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Intel Classmate PC

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Earlier today I reported on Intel’s World Ahead programme, which aims to bring technology to the developing world. One of the key aspects of the World Ahead programme is the Classmate PC – a portable computer designed to help school children learn, interact and develop. The Classmate PC looked like a very interesting technology concept, so I asked Intel if I could have a closer look at one. You know what they say, if you don’t ask you don’t get. That logic is borne out by the fact that I currently have a Classmate PC sitting on the table in front of me.

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The first thing that struck me about the Classmate PC was how small and light it is. I’m afraid I didn’t have a set of scales handy, so I can’t really say how much it weighs, but I’d guess that it weighs in under 1kg. The Classmate PC is encased in blue leather, with a magnetic clasp to keep it shut and a carry handle at the back.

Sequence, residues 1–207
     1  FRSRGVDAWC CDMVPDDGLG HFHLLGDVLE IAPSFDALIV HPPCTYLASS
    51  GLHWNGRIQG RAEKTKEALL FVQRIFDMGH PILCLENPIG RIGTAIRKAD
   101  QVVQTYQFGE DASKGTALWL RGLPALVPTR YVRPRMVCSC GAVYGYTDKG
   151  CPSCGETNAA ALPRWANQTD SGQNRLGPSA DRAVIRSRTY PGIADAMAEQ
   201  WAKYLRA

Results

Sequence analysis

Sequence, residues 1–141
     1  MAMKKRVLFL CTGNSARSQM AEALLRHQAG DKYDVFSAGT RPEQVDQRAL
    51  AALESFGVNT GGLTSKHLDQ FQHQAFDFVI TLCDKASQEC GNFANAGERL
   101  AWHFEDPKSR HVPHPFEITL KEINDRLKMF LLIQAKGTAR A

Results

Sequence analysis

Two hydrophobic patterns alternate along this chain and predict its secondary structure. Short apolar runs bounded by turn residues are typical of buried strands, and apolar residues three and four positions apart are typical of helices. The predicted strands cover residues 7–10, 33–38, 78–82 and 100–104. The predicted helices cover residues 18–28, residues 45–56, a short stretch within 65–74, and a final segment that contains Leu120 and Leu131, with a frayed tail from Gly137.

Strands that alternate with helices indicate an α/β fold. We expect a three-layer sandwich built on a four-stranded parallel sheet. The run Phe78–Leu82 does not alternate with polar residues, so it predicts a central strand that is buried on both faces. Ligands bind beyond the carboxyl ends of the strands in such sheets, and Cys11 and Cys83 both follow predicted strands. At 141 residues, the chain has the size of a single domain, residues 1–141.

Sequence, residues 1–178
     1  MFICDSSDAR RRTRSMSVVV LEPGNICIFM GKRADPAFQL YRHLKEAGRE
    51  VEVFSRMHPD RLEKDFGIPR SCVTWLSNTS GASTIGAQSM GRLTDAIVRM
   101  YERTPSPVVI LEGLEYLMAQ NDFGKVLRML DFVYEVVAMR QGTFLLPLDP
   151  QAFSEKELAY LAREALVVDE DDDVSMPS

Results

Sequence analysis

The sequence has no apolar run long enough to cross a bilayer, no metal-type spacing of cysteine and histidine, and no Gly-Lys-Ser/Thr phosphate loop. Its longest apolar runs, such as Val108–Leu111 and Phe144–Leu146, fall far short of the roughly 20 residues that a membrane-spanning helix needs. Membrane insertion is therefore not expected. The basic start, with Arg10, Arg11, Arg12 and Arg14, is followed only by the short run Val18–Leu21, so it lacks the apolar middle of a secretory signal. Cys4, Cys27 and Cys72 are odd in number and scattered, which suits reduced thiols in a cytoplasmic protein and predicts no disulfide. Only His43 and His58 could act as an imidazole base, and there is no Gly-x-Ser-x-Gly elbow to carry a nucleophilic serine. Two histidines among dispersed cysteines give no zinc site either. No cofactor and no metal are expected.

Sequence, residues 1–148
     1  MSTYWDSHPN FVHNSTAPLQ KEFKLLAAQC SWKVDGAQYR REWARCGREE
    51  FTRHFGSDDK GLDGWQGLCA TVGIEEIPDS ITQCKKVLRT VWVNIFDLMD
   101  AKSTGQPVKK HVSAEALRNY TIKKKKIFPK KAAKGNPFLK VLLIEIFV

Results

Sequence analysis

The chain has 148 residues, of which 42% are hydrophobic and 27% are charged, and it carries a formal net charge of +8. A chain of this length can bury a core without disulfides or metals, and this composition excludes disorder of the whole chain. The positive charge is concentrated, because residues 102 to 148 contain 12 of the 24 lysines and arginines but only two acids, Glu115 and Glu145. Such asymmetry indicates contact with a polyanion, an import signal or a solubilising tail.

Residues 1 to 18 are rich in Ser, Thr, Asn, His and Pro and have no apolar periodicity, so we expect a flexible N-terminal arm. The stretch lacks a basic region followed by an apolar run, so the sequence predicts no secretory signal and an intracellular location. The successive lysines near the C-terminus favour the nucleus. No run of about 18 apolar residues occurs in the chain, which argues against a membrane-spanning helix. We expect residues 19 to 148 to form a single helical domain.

Opening the lid reveals a small TFT screen – approximately 7in diagonal. The screen has a widescreen aspect ratio with a native resolution of 800 x 480, very similar to what you’d expect to see in an ultra mobile PC in fact. Despite its small dimensions, the display is bright, vivid and just as usable as anything I’ve seen in a conventional notebook.

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The keyboard is pretty small, some would say too small. I’m not usually one to worry about small keyboards, since I have small hands, and after a little time with the Classmate PC I found that I adapted to its small keys. Of course it’s worth remembering that this machine was designed and built to service children and not adults, so the small keys are unlikely to be a problem for the target user.

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